Big news out of Britain today. But as I think you all know by now, I am generally misanthropic about current events. So in today’s post, I will tell you that big news came out of Britain (well, Geneva, really) on this day in 1872, as well.
Admittedly, the events of 1872 had less immediate impact, but as you’ll come to find out if you keep reading, they had pretty intense long-term ramifications. In June 1872, international arbitration endorsed the U.S. position on the Alabama Claims, Britain paid the United States $15.5 million, a perpetual U.S.-British alliance was cemented, and a precedent was set for international arbitration of disputes between nations.
“Wait. The Alabama what?” I hear you cry.
The Alabama Claims were a series of demands for damages that the U.S. government sought from the UK for Confederate Navy raider attacks on Union merchant ships during the Civil War. The most famous of the five ships cited in the claims was the CSS Alabama, which Wikipedia tells me never docked in a Southern port and took more than 60 prizes before being sunk by the USS Kearsage off the French coast in 1864.
What did Britain have to do with Confederate Navy attacks? Well, the boats were built in British shipyards in 1862, in contracts with Confederate agents (or middle men for Confederate agents). And the British government did not stop the Alabama from putting to sea to wreak its havoc, even though the American Minister to Britain, Charles Francis Adams (who would lose the Liberal Republican presidential nomination to Horace Greeley in the same year the claims would be settled), told them the ship was bound for the Confederacy and was clearly intended for use against the United States. There were some shady dealings involved — Britain had a neutrality law, and while the shipbuilders more or less hewed to the letter of that law they certainly thumbed their noses at its spirit. The law said Britons could build warships; they just weren’t allowed to arm them. (That had to happen after vessels reached international waters.) Public opinion, however, was rather against the idea of building boats intended for attack on the United States. The Alabama was spirited out of British waters in secret and created a political embarrassment for those in power who favored the Confederacy and let it happen.
After the war ended and the United States got its affairs somewhat sorted, the winning side went after Britain for aiding and abetting the enemy. Charles Sumner (famous for his 1856 “Crime Against Kansas” speech and subsequent thrashing in the Senate chamber by Preston Brooks) lobbied for Britain to cough up $2 billion—or he was willing to settle for them handing over all of Canada. This idea had some support for a while, but that petered out over time: More U.S. groups were anxious for some fast cash, nationalist sentiment in British Columbia favored fealty to the British Empire, Congress got sucked up into Reconstruction efforts, and few Americans seemed very interested in expansion while having to deal with the fallout and expense of the war.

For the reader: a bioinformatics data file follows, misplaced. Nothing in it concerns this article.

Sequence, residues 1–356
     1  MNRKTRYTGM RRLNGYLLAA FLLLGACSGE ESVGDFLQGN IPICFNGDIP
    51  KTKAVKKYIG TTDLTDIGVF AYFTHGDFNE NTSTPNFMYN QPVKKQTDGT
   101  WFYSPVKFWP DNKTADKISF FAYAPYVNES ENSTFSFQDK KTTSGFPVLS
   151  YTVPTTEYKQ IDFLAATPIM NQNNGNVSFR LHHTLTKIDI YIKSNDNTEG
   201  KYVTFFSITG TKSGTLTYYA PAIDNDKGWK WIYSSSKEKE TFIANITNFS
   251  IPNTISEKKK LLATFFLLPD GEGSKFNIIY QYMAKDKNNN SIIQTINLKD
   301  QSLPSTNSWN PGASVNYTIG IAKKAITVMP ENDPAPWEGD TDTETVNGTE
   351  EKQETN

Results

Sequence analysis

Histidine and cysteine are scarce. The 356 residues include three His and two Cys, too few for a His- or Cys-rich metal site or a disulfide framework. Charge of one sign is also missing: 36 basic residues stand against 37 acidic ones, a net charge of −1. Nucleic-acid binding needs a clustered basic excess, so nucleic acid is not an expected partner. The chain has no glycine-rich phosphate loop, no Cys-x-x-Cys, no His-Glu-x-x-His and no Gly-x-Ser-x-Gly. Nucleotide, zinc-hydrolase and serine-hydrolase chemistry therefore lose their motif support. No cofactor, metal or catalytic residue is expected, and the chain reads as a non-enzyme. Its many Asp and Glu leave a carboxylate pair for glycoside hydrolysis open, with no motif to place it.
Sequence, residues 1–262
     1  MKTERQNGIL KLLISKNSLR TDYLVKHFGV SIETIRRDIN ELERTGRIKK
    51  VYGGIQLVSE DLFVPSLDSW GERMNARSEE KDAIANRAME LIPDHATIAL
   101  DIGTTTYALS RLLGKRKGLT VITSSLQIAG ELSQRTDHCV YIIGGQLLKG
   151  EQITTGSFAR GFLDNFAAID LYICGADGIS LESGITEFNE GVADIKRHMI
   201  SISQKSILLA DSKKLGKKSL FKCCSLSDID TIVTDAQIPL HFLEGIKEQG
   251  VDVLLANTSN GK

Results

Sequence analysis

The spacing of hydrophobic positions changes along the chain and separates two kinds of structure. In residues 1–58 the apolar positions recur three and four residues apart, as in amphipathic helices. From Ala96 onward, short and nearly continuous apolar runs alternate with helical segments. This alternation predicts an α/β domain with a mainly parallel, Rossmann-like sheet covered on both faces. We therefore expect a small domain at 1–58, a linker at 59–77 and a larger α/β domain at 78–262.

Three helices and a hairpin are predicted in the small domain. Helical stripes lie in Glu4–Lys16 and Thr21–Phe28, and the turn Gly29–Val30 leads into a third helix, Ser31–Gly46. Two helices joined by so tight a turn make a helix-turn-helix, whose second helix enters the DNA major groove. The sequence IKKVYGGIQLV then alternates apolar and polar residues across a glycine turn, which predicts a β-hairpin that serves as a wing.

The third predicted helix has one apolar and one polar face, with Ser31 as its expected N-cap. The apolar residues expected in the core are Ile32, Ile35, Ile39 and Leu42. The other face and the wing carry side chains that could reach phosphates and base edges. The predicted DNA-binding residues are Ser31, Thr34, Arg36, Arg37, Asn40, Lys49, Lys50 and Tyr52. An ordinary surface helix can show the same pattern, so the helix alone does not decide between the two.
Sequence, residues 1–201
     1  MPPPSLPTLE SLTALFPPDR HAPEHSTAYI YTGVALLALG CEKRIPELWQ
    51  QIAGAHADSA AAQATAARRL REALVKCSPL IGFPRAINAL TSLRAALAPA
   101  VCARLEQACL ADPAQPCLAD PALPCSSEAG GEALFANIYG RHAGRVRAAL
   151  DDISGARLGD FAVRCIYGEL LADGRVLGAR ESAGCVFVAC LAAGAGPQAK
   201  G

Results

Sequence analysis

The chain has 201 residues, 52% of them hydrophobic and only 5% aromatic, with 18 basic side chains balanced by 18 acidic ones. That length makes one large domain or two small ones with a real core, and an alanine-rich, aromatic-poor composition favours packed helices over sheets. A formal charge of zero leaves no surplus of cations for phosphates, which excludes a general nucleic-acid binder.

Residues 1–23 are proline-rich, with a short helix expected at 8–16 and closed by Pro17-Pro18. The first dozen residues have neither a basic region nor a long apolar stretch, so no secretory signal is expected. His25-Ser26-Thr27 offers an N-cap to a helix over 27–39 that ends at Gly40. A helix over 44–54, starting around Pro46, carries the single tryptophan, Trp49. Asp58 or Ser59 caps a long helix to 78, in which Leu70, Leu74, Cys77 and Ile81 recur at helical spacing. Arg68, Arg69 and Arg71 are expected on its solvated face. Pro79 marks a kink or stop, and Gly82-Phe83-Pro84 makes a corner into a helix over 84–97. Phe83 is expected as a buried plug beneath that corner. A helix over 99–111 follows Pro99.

In 1871, Secretary of State Hamilton Fish cut a deal with British representative Sir John Rose. A commission was formed to deal with a number of financial and territorial issues, including the Alabama Claims. The resulting Treaty of Washington got U.S. approval in May of that year. A year later, an international arbitration tribunal met in Geneva and endorsed the whole thing, including cash for the Alabama Claims, settlement of Atlantic fisheries and language on the Oregon boundary line. Britain expressed regret over the Alabama damages, but claimed no responsibility.
So, who cares? Why was this big news? Why does it matter today? Well, it mattered at the time in terms of international policy and allegiances. It put to rest a long-simmering snit between the U.S. and the U.K. On a bigger stage, it triggered a movement to codify public international law, basically making this relatively little settlement dispute a first step (for better or worse) toward bigger international agencies like the Hague conventions, the World Court, and the United Nations.
So, there you have it. Brexit might or might not mark the kickoff of several momentous European events. But in 1872, the same could have been (in fact, actually was) said about consideration of the Treaty of Washington in Geneva.